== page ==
Moreover, your manufacturer may well refuse to pay for the components needed to retrofit your system because installing those parts will probably void the warranty. If your HVAC unit is on its last legs anyway, it’s best to bite the bullet and invest in a new unit. To avoid emergencies on a hot day and to save money by taking advantage of off-season pricing, many homeowners decide to proactively replace their old AC systems before they stop working. If you’re leaning toward that decision, you’re in good company! You’ll reap the benefits of your new system in dependability, satisfaction, and long-term comfort.
Of course, installing a new air conditioning system is a significant expense, so you’ll want to get estimates from several companies. If you can’t come up with the money all at once or you prefer not to decimate your emergency fund, ask about financing plans to help smooth out your costs. Also, make sure to inquire about any manufacturer and utility rebates that are available.
Most post-2010 systems use the new ozone-friendly refrigerant R410a, so you should be safe. However, it’s possible that even systems installed after 2010 use R22. You can always ascertain whether your system uses R22 or R410a by checking the nameplate on your condenser, which is the outside unit.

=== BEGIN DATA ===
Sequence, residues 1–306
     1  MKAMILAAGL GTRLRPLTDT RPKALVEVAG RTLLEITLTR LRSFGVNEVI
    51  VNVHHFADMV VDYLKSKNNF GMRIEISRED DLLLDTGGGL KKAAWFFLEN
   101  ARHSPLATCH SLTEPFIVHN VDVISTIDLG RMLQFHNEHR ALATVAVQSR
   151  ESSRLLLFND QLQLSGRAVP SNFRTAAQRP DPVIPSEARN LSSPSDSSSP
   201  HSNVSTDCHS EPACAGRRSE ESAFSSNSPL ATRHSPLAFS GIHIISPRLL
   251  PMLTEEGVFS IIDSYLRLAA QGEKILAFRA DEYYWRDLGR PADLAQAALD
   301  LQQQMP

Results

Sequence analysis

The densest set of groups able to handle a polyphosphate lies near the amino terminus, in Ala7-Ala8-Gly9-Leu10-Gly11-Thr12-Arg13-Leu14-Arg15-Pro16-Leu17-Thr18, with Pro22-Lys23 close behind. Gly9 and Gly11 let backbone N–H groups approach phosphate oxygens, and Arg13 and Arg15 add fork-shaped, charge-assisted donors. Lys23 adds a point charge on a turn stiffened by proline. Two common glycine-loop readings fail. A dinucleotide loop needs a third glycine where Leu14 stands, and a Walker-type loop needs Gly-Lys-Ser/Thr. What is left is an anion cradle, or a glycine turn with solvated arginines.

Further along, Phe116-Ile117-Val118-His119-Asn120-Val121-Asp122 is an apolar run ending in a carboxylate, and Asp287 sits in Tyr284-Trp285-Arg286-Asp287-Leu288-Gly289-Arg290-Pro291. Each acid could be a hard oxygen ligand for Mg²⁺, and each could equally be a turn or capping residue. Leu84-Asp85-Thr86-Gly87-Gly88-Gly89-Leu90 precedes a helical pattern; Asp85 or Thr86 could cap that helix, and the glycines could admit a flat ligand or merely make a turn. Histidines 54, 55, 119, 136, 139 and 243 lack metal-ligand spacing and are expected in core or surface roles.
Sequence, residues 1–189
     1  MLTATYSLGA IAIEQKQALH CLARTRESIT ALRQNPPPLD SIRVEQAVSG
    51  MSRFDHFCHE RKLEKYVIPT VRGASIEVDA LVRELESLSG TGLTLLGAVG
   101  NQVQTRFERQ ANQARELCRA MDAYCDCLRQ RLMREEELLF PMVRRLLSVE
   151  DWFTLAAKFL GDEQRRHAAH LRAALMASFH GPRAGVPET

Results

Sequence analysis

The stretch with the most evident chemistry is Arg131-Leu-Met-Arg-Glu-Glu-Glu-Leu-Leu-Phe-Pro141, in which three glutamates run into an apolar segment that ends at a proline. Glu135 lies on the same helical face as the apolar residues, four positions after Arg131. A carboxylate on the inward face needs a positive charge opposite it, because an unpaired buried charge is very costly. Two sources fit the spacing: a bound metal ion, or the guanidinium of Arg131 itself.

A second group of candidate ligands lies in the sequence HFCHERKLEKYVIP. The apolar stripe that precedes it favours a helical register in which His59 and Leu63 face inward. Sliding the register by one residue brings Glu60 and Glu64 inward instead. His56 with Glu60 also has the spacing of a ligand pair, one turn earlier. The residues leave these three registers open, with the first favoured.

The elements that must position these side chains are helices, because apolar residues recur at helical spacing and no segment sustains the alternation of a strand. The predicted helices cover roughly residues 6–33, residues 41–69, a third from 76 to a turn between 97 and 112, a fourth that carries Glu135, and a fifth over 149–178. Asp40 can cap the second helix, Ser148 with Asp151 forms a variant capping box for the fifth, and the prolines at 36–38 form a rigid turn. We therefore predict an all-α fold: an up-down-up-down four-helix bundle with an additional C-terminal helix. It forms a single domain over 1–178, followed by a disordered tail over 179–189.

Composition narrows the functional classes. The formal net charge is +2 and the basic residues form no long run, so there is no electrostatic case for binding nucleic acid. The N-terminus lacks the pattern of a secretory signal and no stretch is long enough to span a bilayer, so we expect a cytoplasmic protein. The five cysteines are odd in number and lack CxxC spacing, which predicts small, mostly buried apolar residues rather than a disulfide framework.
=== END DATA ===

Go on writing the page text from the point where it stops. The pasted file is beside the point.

To review, if your HVAC unit was manufactured before January 2010, and especially if it’s older than that, you have these options:
To be clear, the EPA regulates the production and use of R22, but you’re not required by law to replace a unit that uses R22. At some point, though, your system will need to be replaced, and you won’t be able to buy a R22 unit.
Your most straightforward option is to buy a new, upgraded air conditioner, especially if your current air conditioner is already more than 10 years old. New AC equipment can be more energy efficient and give you superior comfort and lower energy costs.
Change is hard at the beginning and messy in the middle, but it’s worth it at the end. Although Installing a new HVAC system may be a hassle, you can console yourself by looking at the bigger picture and realizing that you’re helping repair the ozone layer by replacing the environmental foe R22 with the environmental friend R410a.
If the Montreal Protocol—remember, that’s the agreement that phased out ozone-depleting chemicals, especially R22—had never been enacted or enforced, scientists estimate that Antarctica’s ozone hole would have grown 40% by 2013. As things stand now, though, the hole is expected to heal completely by 2040 to 2050, thus saving us from blind sheep (radiation from the sun that isn’t blocked by ozone is thought to contribute to cataracts) and increases in skin cancer cases. And just think—you, as a homeowner who replaces an old R22 unit with an ozone-friendly R410a unit—are part of this heartwarming, much-needed environmental success story.